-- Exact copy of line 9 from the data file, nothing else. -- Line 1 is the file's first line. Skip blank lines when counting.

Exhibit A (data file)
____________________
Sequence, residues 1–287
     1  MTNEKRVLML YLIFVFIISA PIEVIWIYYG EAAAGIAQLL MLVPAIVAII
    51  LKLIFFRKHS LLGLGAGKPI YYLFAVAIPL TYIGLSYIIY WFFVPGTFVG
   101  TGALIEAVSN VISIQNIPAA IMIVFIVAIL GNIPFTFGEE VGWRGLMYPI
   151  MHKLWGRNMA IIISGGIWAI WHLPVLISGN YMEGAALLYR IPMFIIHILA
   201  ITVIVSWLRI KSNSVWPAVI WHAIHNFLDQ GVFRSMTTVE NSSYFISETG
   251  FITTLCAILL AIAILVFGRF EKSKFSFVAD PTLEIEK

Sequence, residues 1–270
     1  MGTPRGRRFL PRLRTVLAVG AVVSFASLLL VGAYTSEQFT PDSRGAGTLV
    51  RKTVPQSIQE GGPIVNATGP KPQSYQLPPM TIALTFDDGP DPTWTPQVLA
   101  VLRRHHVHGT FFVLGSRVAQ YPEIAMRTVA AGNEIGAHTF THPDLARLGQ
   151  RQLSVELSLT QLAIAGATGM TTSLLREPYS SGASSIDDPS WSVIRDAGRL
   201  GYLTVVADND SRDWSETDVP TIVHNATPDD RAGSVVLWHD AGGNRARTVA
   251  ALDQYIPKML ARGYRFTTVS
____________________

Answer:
     1  MGTPRGRRFL PRLRTVLAVG AVVSFASLLL VGAYTSEQFT PDSRGAGTLV